The United States is currently holding 400,000 prisoners of war in jails across the country. Most of them have never picked up a weapon or threatened anyone and many of them know they will die in jail, far from their families.
They are prisoners who have been taken by the US government in what is known as the "war on drugs". Now the US government has decided to devote a further $1.3bn of its citizens' money towards fighting this war on a foreign field - or in many foreign fields - by supplying military aid to the Colombian government and by seeking the backing and approval of Europe in this task.
Essentially, the US is to provide the stick in the form of helicopters and weaponry to tackle drug producers while Europe provides a carrot - or more likely a banana crop - in the form of aid for the development of crops that will replace the coca and the opium poppy on which so much of the Colombian economy relies.
Earlier this month, 27 nations and international agencies attended a conference in Madrid to discuss Plan Colombia, the scheme under which the US has committed itself to the destruction of drugs in Colombia. A total of more than $800m was pledged by a variety of countries and bodies but crucially the EU will wait until September and another meeting in Bogota before deciding exactly what its commitment will be.
Officially, the weapons and helicopters are to be used to attack the coca and opium poppy fields. Unofficially, the hardware is to be used to destroy the 17,000-strong, well-armed Marxist guerrilla group the FARC (the Revolutionary Armed Forces of Colombia) that receives much of its revenue as a result of the drugs trade. Europe is being asked, as one European diplomat has been quoted as saying, "to clean up the mess that the Americans will make".
Over recent weeks, President Clinton has been talking thoughtfully and sensitively about the Israeli-Palestinian peace talks and the part he hopes that he can play before he leaves office. Every effort is being made to try to bring the two sides together. As the peace process in Northern Ireland has been stumbling slowly towards resolution, the United States government has always been prepared to offer its help it mediating between the two sides, to send its most distinguished statesmen across the sea in an effort to broker a lasting peace.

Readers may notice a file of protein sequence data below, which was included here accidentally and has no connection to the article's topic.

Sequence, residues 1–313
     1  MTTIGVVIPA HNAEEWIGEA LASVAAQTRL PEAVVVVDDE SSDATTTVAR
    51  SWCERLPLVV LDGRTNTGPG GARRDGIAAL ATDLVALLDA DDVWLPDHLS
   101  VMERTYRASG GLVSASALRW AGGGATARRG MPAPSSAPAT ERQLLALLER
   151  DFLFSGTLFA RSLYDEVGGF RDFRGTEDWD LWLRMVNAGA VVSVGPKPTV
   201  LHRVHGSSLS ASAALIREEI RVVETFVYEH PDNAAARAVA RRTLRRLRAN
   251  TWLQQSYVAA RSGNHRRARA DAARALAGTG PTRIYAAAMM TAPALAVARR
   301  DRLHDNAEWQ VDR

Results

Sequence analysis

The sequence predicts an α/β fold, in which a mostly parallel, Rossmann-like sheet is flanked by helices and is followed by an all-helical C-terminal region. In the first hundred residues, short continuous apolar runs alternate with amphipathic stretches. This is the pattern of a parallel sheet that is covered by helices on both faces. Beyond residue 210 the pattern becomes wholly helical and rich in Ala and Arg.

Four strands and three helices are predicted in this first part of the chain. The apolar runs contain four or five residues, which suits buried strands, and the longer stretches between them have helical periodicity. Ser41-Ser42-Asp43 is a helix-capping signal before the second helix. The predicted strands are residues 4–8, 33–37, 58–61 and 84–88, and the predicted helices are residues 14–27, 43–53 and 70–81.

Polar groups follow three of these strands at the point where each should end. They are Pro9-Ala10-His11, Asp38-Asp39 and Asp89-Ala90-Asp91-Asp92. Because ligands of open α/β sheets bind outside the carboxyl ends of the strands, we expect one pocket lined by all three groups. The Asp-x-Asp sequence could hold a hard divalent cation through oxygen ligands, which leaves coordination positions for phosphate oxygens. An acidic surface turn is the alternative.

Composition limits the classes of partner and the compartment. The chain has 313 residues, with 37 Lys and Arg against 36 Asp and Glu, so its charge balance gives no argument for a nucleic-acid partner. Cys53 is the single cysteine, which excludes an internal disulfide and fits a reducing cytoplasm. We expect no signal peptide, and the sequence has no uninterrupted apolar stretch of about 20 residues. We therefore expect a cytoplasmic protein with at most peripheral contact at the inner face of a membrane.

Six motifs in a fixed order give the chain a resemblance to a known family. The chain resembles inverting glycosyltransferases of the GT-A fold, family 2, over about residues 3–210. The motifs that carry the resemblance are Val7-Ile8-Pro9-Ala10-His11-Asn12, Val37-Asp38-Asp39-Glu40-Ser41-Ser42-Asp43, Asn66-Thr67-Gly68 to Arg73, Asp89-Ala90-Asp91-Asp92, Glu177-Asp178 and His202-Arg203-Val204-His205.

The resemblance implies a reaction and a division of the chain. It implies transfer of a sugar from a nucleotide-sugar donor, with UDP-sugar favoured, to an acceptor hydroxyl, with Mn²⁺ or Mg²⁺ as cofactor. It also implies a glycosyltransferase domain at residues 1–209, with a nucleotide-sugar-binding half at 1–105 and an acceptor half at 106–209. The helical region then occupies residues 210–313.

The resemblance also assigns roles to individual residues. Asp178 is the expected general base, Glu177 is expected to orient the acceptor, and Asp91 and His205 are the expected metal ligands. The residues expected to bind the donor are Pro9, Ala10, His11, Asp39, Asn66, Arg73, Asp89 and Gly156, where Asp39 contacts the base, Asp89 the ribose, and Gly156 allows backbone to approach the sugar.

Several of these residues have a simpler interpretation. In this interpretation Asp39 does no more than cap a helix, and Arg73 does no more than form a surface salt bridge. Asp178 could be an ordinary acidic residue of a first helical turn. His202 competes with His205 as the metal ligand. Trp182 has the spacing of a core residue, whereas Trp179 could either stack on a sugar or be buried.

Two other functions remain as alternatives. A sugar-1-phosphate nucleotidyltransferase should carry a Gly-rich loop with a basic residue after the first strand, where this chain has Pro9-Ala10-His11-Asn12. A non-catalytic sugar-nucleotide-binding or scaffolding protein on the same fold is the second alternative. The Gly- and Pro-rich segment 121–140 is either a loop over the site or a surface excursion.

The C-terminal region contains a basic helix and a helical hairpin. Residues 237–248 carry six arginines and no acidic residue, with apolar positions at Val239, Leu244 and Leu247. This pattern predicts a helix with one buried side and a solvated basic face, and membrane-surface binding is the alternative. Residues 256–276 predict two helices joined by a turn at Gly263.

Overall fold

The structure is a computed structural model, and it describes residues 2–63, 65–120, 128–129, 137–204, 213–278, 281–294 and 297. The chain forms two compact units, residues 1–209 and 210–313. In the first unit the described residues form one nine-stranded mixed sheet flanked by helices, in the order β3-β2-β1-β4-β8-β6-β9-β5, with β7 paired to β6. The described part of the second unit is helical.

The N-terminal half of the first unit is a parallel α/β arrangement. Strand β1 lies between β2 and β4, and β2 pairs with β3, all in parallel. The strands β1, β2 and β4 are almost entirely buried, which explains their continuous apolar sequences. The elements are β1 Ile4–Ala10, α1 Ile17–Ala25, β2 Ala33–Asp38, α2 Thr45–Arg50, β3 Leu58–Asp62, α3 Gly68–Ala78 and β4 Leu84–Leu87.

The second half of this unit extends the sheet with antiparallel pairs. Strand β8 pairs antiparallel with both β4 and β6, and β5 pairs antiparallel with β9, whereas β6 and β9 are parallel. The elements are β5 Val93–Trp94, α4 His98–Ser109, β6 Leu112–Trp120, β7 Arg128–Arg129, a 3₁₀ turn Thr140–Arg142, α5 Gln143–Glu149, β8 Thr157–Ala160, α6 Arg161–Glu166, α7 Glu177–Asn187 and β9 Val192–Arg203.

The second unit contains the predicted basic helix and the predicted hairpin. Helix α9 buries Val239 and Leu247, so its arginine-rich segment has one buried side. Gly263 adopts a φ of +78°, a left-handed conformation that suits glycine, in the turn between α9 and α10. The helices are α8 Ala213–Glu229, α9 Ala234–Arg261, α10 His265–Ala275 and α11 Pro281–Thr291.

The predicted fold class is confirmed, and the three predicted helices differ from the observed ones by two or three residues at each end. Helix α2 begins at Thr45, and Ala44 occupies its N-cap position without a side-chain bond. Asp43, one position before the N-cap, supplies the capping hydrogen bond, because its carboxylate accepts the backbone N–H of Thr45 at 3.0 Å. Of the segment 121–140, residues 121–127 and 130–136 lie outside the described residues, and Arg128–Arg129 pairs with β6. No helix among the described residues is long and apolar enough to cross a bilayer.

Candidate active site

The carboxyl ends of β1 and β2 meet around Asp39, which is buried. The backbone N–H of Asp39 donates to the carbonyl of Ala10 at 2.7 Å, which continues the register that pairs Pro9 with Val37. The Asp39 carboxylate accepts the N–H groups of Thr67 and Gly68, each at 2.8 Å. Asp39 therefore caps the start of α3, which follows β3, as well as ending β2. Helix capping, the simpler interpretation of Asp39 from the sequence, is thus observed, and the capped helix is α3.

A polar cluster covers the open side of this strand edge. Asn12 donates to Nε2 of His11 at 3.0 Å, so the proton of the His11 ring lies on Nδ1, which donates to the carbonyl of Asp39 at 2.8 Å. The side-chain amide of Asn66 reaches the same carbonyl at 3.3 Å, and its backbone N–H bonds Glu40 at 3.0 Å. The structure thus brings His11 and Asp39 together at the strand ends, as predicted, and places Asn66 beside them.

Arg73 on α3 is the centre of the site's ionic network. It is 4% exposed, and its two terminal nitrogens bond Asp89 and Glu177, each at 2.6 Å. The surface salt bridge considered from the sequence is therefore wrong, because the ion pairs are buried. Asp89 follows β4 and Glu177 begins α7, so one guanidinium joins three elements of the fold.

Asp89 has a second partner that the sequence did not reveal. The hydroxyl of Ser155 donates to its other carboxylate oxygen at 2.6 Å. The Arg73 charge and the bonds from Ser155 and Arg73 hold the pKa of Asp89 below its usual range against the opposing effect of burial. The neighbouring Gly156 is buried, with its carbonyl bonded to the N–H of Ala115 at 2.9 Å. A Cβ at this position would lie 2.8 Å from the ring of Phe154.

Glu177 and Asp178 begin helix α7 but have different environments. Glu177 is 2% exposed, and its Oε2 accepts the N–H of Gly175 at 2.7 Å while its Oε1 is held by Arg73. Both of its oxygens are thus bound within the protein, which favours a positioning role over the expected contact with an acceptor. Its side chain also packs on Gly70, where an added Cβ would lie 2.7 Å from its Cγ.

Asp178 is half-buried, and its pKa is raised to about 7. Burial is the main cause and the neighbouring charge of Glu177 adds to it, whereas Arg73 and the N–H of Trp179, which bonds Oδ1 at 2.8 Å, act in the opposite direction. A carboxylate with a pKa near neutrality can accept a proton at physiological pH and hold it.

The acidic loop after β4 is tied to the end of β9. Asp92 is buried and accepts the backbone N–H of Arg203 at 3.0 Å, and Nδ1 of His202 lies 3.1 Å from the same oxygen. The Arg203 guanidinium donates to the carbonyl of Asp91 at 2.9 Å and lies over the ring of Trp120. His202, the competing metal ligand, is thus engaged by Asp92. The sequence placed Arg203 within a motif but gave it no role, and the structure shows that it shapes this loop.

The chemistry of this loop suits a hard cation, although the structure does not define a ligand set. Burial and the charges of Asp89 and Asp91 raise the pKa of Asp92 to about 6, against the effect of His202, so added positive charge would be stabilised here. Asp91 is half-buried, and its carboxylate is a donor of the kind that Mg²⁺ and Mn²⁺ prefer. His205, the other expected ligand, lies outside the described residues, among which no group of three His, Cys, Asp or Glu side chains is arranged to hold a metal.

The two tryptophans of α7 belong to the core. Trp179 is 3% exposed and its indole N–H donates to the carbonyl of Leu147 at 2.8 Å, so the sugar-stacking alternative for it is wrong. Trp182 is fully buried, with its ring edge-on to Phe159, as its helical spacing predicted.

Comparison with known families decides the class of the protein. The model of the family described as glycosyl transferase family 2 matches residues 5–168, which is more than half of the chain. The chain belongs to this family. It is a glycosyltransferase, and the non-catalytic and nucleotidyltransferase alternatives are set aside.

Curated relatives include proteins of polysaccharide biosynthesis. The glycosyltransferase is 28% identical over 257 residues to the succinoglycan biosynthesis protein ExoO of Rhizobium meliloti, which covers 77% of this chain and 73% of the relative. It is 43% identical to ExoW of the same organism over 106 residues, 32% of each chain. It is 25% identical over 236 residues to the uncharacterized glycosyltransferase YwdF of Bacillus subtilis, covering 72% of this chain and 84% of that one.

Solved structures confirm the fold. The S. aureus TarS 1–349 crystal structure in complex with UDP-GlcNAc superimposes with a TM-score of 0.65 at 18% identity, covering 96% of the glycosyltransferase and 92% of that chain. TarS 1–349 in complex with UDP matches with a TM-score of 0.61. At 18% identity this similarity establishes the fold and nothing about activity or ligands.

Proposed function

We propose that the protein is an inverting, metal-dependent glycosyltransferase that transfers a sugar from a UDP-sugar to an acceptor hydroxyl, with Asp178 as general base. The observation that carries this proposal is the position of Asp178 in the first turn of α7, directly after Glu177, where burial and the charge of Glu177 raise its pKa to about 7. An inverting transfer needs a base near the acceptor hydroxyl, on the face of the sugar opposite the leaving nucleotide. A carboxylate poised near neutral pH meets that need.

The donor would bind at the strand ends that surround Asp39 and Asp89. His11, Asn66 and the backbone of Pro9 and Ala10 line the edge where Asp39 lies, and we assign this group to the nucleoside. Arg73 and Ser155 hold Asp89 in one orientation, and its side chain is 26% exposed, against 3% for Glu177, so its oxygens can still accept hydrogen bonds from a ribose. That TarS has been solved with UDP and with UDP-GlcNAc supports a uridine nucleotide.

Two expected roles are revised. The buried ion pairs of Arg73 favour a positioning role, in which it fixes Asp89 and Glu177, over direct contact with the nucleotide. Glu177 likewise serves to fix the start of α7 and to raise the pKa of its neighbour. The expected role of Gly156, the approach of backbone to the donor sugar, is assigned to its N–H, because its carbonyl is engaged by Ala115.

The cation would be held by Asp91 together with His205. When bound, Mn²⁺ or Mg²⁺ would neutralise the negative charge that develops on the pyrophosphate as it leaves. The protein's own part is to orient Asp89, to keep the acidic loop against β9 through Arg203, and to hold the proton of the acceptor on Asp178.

Some weeks ago, ministers and officials from Europe, Japan, Canada and the United Nations made their way to Los Pozos in the heart of the territory of Colombia given temporarily to the FARC. There they listened to Colombians on both sides of the civil war and heard the arguments for and against Plan Colombia. The US were not repre sented at the meeting because they do not "recognise" the FARC.
Where is the energy that has categorised US initiatives in the Middle East and Ireland? Some have suggested that the American commitment of such a high quantity of military aid will unleash a Latin American Vietnam. Others have likened it to the proxy war fought by the US against the leftist guerrillas in El Salvador. All are agreed that this escalation of the 36-year-long civil war will mean a marked increase in deaths. Whatever one's views of the FARC and what they stand for, they are highly trained, well armed and many are highly committed to the war. They are not going to roll over and they will be fighting in territory they know well.